Liberals, by contrast, almost seemed to enjoy wallowing in recriminations. It was practically an Olympic tournament to see who could act the most agonized. As a friend just emailed me a few minutes ago, “I can’t tell you how many liberals I’ve had to talk off the ledge today.”
All this agonizing is over fictional spin and the perception of who won, not who actually won or what was actually said, and this spin is created to increase ratings and make money, not to be accurate. The media, especially cable news, doesn’t have to be accurate to survive. Look at all the journalists still working in television news that were completely inaccurate in their reporting about the run-up to the Iraq war, which then resulted in thousands of deaths. If fact, accurate reporting might well mean financial doom for a cable media outlet these days.
Conservatives, frankly, seem to recognize all this much better than progressives, although I had believed the 2002-2003 experience of watching the immoral, media war cheerleading had convinced progressives to remain forever skeptical.
As a progressive, I like some of the things they’re doing at MSNBC, but I don’t trust that network to do anything but serve its own financial interests, just like CNN. MSNBC, the supposed “liberal” network, joined in the “listless” spin just like everyone else and to the point of absurdity. Could Chris Matthews have screamed any louder about Obama’s failure? (Note the above, self-centered video clip.) Maybe the Obama campaign wanted to rouse people from complacency. Wouldn’t it be ironic if the one real “liberal” network in the country was instrumental in promulgating a false storyline that led to Obama’s defeat?
So, with Romney moving up in the polls because he’s a “winner” all of a sudden, progressives need to be prepared for the immediate aftermath of the next debate. The spin over the next debate will go something like this:
After a poor first debate performance, President Barack Obama came out swinging Tuesday night, but . . .
This will be the most progressives can hope for. The mainstream media outlets want a close election, and they’re going to get one. What will fill the ellipsis? How can progressives spin the spin?
Here are some obvious suggestions:
- Use social media to promote the reality of the debate, not the pundits’ spin. If you can say something good about Obama’s performance, then put it on Facebook or Twitter during and after the debate. Vote in any online poll about the debate that you encounter. It’s a question of arithmetic, as both Obama and Vice President Joe Biden keep reminding us, and networks do follow social media.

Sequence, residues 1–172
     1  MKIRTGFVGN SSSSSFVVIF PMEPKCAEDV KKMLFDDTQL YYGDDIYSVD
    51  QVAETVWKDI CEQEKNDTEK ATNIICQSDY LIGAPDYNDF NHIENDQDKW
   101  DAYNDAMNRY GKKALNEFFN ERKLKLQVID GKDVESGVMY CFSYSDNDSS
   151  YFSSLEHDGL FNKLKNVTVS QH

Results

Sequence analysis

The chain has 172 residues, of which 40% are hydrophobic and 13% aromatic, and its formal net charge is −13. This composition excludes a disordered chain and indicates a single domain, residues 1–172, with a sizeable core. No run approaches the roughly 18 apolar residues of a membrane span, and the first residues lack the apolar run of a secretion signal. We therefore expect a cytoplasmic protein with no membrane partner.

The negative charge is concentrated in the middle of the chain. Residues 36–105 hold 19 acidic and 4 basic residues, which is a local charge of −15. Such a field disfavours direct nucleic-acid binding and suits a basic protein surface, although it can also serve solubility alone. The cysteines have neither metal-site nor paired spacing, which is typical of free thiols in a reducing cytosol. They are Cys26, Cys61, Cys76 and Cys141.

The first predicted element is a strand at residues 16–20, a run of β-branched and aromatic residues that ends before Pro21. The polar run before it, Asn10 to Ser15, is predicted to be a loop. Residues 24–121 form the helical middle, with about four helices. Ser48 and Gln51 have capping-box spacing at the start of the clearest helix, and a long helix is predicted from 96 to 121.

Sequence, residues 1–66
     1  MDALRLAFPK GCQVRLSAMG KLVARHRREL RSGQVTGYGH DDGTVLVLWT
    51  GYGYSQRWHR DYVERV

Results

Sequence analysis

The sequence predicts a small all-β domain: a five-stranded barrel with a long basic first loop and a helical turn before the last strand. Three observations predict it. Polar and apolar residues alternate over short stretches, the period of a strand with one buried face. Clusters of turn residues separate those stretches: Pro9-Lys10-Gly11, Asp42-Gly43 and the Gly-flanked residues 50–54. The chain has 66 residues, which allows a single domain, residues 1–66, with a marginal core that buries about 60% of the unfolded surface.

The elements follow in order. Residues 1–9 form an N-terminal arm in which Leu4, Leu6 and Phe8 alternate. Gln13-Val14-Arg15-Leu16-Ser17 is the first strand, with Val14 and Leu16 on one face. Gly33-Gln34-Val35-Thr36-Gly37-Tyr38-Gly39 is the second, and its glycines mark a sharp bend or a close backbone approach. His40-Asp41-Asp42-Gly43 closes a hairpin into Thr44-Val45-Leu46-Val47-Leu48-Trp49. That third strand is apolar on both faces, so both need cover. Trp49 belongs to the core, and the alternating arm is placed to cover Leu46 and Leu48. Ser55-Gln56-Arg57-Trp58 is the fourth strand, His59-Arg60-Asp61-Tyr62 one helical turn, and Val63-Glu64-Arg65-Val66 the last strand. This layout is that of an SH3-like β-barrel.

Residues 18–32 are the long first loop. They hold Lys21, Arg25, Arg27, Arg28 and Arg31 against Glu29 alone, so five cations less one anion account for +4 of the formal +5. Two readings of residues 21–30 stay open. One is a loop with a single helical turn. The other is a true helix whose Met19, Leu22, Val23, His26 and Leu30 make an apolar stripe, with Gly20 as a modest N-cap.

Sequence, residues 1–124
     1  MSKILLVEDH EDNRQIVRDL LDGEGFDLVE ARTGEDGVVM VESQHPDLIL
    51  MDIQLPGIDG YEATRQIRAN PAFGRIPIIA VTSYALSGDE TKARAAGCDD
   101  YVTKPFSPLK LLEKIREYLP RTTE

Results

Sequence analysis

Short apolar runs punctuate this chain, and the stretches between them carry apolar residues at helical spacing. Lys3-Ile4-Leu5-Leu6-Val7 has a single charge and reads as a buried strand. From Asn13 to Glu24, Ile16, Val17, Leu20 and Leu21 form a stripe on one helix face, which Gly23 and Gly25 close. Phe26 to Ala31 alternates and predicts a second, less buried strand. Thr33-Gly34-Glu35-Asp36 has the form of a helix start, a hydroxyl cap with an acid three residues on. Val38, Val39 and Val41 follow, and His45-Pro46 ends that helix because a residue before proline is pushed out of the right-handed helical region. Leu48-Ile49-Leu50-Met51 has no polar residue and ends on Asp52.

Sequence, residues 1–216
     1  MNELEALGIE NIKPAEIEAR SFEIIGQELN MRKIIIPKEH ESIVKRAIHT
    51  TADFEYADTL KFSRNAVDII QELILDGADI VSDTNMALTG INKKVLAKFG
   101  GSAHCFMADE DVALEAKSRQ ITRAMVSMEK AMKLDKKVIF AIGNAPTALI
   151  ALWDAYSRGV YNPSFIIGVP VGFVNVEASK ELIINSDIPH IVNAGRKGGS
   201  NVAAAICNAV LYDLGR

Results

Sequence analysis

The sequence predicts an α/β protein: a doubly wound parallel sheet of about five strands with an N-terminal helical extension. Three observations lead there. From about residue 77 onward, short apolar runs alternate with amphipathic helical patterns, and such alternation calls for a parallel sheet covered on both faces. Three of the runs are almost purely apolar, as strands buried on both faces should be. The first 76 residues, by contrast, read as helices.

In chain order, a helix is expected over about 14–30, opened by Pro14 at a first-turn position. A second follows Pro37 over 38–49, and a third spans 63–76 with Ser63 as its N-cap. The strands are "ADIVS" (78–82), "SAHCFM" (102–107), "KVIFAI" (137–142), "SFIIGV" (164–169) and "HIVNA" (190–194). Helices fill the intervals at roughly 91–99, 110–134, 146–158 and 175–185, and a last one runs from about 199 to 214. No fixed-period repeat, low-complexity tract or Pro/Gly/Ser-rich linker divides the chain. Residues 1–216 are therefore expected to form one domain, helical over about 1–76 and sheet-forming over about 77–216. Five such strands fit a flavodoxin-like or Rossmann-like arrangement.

- Find opinions that run contrary to the mainstream media spin if it’s inaccurate, and post those opinions on the Internet and/or get them to friends. If MSNBC has anything nice to say about Obama this time around, and it probably will, then get the message out. If not, get on its web site and point out the false claims.
- “Like” Facebook comments or retweet messages that go beyond the spin, and continue to do so until the next debate. The conservatives are still spinning the Romney and the Biden/Ryan debates. Why can’t progressives do the same?
I’ve been writing about politics for a long time, first as a journalist in the 1970s and 1980s, and now as an academic and writer. I continue to dislike the hands-on side of politics, the money it costs to run campaigns, the manipulation of the media spin and attacking rival candidates on an ad hominem basis, and so forth. But I still believ
e that in our divided age it’s unwise to check out of the system and concede defeat through apathy. We also have new opportunities through social media and the Internet to make our points.
Obama is clearly the right choice for president this election year, even for most of the people who won’t even vote for him. With only three weeks to go until the election, progressives need to step up and start acting like it.